Janet Fox, vice president and director of strategic sourcing at J.C. Penney Co. and chairwoman of the U.S. Association of Importers of Textiles & Apparel, doesn’t expect any significant shifts among the top six apparel and textile suppliers to the U.S. — China, India, Pakistan, Vietnam, Mexico and Bangladesh.

China will be used for quicker turns because it has textile mills and apparel factories, she noted, and Egypt has potential to grow because it has duty-free access to the U.S. Fox feels the biggest sourcing issues in 2010 will center on price increases in commodities, products and freight, plus a potential slowing of international cargo because so many container ships have been taken off line.

“China might become higher priced this year,” she said. “Wages are being increased considerably — 10 to 15 percent — throughout most of China.”

Any movement in the Chinese currency could also cause price increases.

“One of the biggest concerns is raw materials pricing,” she added. “Commodities are going up, which happens when the dollar is weak. With cotton, a huge commodity we all use, pricing is up considerably from 60 to 77 cents a pound in ’09 to 73 cents a pound this year, with a forecast up to 86 [cents]. That would be bad enough if there wasn’t also a shortage because of bad crops in the U.S., India and Pakistan, so right now there is more demand than supply.”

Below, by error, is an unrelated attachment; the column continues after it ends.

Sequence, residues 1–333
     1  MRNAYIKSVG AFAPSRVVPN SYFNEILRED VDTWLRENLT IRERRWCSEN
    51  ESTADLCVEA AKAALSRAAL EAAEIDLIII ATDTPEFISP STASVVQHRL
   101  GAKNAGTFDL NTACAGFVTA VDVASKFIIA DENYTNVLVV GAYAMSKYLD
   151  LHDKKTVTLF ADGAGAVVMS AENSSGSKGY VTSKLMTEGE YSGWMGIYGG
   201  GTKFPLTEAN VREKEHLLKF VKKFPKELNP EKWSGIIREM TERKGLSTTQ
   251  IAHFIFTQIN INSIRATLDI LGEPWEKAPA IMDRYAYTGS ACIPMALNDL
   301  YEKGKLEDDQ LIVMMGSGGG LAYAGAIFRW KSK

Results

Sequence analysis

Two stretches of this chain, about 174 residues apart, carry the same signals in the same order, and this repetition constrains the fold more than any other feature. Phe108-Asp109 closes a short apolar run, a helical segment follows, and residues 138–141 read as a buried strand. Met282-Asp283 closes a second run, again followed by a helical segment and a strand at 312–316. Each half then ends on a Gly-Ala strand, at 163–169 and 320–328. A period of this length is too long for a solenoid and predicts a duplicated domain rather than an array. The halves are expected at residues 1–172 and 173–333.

Freight companies are taking ships offline and slowing them down, due to lack of demand precisely when retailers are working harder than ever to reduce cycle time, she pointed out.

“When you are trying to read your sales so much closer to when you purchase, any day added to the chain causes a concern because most retailers are running very close to inventory,” Fox explained.

Trade legislation on Capitol Hill will take a back seat as the lawmakers focus on the mid-term elections in November, she predicted.

“We don’t see any positive movement on any initiatives this year,” Fox said. “From a retailer’s point of view, we may have to be a little bit on the defensive with the economy being slow. Probably some [people] expect that there may be a further decline in jobs and if that is the case protectionism comes into play when unemployment gets higher.”

The Obama administration’s decision in September to tax tires from China under Section 421 of the 1974 Trade Act could signal a protectionist agenda, she pointed out.

“This set a precedent,” she noted. “The Bush administration declined all 421 cases.”

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